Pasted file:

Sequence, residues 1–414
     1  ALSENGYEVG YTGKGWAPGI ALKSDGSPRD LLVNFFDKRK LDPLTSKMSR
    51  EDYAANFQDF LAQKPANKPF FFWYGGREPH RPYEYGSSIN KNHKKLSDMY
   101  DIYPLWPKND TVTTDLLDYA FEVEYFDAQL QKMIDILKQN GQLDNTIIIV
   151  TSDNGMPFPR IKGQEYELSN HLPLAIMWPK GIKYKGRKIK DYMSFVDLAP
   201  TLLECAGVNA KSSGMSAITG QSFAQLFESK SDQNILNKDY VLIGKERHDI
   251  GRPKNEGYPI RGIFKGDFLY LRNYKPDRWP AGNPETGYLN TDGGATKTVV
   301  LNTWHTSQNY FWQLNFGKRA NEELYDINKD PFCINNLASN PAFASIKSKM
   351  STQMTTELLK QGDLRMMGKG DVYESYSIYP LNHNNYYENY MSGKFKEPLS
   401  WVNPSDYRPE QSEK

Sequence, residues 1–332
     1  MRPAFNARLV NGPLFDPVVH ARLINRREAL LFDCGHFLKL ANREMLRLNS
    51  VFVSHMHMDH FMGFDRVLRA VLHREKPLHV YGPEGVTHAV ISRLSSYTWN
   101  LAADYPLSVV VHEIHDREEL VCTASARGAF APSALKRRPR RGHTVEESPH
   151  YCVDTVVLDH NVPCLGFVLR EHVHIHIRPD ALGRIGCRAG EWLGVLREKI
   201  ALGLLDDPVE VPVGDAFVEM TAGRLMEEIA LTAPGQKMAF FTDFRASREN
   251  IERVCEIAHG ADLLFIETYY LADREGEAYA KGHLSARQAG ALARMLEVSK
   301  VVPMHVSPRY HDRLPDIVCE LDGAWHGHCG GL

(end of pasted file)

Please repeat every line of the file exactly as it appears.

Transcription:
Sequence, residues 1–414
     1  ALSENGYEVG YTGKGWAPGI ALKSDGSPRD LLVNFFDKRK LDPLTSKMSR
    51  EDYAANFQDF LAQKPANKPF FFWYGGREPH RPYEYGSSIN KNHKKLSDMY
   101  DIYPLWPKND TVTTDLLDYA FEVEYFDAQL QKMIDILKQN GQLDNTIIIV
   151  TSDNGMPFPR IKGQEYELSN HLPLAIMWPK GIKYKGRKIK DYMSFVDLAP
   201  TLLECAGVNA KSSGMSAITG QSFAQLFESK SDQNILNKDY VLIGKERHDI
   251  GRPKNEGYPI RGIFKGDFLY LRNYKPDRWP AGNPETGYLN TDGGATKTVV
   301  LNTWHTSQNY FWQLNFGKRA NEELYDINKD PFCINNLASN PAFASIKSKM
   351  STQMTTELLK QGDLRMMGKG DVYESYSIYP LNHNNYYENY MSGKFKEPLS
   401  WVNPSDYRPE QSEK

Sequence, residues 1–332
     1  MRPAFNARLV NGPLFDPVVH ARLINRREAL LFDCGHFLKL ANREMLRLNS
    51  VFVSHMHMDH FMGFDRVLRA VLHREKPLHV YGPEGVTHAV ISRLSSYTWN
   101  LAADYPLSVV VHEIHDREEL VCTASARGAF APSALKRRPR RGHTVEESPH
   151  YCVDTVVLDH NVPCLGFVLR EHVHIHIRPD ALGRIGCRAG EWLGVLREKI
   201  ALGLLDDPVE VPVGDAFVEM TAGRLMEEIA LTAPGQKMAF FTDFRASREN
   251  IERVCEIAHG ADLLFIETYY LADREGEAYA KGHLSARQAG ALARMLEVSK
   301  VVPMHVSPRY HDRLPDIVCE LDGAWHGHCG GL